To learn how we can help you with your funding goals, visit, or email us at

Episode Transcript

Intro 0:06

Welcome to Driving Alpha, where we feature our friends, the outperforming investors who demonstrate their paths to driving alpha or outsized investment returns. We’re Alpha Partners, where we partner with 1,000 early-stage venture firms as their opportunity capital to invest in their best companies.

Steve Brotman 0:24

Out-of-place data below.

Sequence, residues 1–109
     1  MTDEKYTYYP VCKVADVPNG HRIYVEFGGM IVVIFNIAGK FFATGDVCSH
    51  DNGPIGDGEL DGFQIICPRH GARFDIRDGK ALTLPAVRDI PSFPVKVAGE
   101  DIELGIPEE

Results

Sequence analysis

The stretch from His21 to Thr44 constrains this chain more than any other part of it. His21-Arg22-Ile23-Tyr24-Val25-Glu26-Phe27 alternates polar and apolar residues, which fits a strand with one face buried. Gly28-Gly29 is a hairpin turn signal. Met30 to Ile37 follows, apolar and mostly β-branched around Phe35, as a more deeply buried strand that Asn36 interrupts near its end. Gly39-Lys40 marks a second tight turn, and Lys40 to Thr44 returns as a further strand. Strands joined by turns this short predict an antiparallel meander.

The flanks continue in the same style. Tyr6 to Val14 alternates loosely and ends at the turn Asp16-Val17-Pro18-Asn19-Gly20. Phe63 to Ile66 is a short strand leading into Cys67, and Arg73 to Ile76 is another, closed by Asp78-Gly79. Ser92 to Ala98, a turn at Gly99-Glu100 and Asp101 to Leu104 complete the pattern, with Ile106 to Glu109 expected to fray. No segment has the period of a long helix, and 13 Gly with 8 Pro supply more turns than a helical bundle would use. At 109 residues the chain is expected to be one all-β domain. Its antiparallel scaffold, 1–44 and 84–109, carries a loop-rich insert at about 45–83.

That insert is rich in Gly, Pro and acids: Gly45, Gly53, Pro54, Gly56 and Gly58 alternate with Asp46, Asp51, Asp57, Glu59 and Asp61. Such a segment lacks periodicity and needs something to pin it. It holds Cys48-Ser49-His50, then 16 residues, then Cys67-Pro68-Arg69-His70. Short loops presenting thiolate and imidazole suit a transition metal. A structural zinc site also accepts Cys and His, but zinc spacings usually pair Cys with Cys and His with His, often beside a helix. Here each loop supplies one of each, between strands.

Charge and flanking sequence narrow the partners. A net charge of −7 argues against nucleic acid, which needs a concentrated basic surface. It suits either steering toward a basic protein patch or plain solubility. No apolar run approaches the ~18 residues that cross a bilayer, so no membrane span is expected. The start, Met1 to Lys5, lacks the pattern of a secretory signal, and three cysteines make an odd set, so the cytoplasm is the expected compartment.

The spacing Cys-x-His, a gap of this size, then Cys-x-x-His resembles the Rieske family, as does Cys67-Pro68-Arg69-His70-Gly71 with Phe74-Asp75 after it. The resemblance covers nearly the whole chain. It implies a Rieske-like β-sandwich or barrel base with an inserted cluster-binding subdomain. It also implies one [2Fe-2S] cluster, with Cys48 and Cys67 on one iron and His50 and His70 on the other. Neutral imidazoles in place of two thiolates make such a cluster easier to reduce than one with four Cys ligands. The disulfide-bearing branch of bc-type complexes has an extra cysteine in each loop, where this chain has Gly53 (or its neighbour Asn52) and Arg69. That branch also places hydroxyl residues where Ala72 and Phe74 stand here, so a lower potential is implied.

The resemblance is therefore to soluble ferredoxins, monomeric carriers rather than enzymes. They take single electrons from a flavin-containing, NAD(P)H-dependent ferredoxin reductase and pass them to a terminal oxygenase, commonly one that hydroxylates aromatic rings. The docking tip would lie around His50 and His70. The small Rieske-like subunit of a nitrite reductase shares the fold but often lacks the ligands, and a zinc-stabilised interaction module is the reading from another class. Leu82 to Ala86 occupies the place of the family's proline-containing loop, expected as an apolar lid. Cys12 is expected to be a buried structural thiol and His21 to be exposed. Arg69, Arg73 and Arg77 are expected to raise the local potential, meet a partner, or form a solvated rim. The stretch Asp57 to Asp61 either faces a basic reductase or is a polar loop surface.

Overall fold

Hi, I’m Steve Brotman. I’m your host of Driving Alpha, where together, we engage in conversations with allocators of capital and entrepreneurs in the venture capital and tech realm. The inspiration for this podcast came from a supercar event I hosted with my firm about 10 years ago with my favorite VC and investor friends as well as entrepreneurs. And every year what I would do is I’d rent six exotic supercars, Lamborghinis and Ferraris and McLaren’s just for the day, and invite 11 other investors and VCs and entrepreneurs to spend the day together. So each car would hold two people: a driver, passenger, and we’d swap cars and driver positions every half hour. And it turns out that the cars are fun. But it was really the people and the interactions between those people for 30 to 60 minutes at a time, that was really just the best part of the day for everyone. And the food is great, and the drinks are great afterwards, and the dinner. But what this podcast was really inspired by is an attempt to recreate that type of conversation. And I thought about who our first call should be with. And starting with, I thought it would be awesome to start with someone who knows a thing or two about broadcast media. But more importantly about interviewing well, particularly with well regarded Alpha creators and investors. And I’ve known Ron Insana for over 20 years now. We were co-investors in an ill fated startup, and I think we got our money back. But